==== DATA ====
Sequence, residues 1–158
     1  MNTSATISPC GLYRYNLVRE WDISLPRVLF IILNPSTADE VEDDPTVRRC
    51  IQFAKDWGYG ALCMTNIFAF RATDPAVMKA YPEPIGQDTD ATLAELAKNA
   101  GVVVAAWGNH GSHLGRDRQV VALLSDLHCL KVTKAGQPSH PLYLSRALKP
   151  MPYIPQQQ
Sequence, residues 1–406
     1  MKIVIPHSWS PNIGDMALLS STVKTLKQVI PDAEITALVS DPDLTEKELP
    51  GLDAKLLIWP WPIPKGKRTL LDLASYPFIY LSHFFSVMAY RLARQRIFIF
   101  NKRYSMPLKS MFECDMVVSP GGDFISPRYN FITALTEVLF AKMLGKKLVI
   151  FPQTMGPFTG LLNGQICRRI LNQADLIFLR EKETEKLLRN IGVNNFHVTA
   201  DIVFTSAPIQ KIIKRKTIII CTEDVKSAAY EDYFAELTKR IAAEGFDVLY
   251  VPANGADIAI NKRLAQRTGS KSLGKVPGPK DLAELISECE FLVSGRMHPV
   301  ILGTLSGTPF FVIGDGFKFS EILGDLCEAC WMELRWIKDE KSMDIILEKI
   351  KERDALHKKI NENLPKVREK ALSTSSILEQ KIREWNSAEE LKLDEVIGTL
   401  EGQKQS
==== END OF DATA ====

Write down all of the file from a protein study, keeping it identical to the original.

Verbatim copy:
Sequence, residues 1–158
     1  MNTSATISPC GLYRYNLVRE WDISLPRVLF IILNPSTADE VEDDPTVRRC
    51  IQFAKDWGYG ALCMTNIFAF RATDPAVMKA YPEPIGQDTD ATLAELAKNA
   101  GVVVAAWGNH GSHLGRDRQV VALLSDLHCL KVTKAGQPSH PLYLSRALKP
   151  MPYIPQQQ
Sequence, residues 1–406
     1  MKIVIPHSWS PNIGDMALLS STVKTLKQVI PDAEITALVS DPDLTEKELP
    51  GLDAKLLIWP WPIPKGKRTL LDLASYPFIY LSHFFSVMAY RLARQRIFIF
   101  NKRYSMPLKS MFECDMVVSP GGDFISPRYN FITALTEVLF AKMLGKKLVI
   151  FPQTMGPFTG LLNGQICRRI LNQADLIFLR EKETEKLLRN IGVNNFHVTA
   201  DIVFTSAPIQ KIIKRKTIII CTEDVKSAAY EDYFAELTKR IAAEGFDVLY
   251  VPANGADIAI NKRLAQRTGS KSLGKVPGPK DLAELISECE FLVSGRMHPV
   301  ILGTLSGTPF FVIGDGFKFS EILGDLCEAC WMELRWIKDE KSMDIILEKI
   351  KERDALHKKI NENLPKVREK ALSTSSILEQ KIREWNSAEE LKLDEVIGTL
   401  EGQKQS